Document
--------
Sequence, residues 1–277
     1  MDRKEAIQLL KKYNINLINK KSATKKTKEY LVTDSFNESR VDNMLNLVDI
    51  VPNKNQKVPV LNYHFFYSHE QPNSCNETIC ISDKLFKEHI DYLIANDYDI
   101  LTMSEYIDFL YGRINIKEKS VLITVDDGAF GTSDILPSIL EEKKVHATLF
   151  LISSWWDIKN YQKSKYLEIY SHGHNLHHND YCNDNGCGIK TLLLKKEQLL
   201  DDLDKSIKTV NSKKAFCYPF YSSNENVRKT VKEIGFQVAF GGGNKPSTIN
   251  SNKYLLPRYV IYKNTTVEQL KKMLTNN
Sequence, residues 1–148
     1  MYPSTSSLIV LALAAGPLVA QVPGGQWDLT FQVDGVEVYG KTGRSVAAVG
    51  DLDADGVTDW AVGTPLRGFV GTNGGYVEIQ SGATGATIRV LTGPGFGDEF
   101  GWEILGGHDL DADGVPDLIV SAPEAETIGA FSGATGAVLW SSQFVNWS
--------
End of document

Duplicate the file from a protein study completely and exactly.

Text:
Sequence, residues 1–277
     1  MDRKEAIQLL KKYNINLINK KSATKKTKEY LVTDSFNESR VDNMLNLVDI
    51  VPNKNQKVPV LNYHFFYSHE QPNSCNETIC ISDKLFKEHI DYLIANDYDI
   101  LTMSEYIDFL YGRINIKEKS VLITVDDGAF GTSDILPSIL EEKKVHATLF
   151  LISSWWDIKN YQKSKYLEIY SHGHNLHHND YCNDNGCGIK TLLLKKEQLL
   201  DDLDKSIKTV NSKKAFCYPF YSSNENVRKT VKEIGFQVAF GGGNKPSTIN
   251  SNKYLLPRYV IYKNTTVEQL KKMLTNN
Sequence, residues 1–148
     1  MYPSTSSLIV LALAAGPLVA QVPGGQWDLT FQVDGVEVYG KTGRSVAAVG
    51  DLDADGVTDW AVGTPLRGFV GTNGGYVEIQ SGATGATIRV LTGPGFGDEF
   101  GWEILGGHDL DADGVPDLIV SAPEAETIGA FSGATGAVLW SSQFVNWS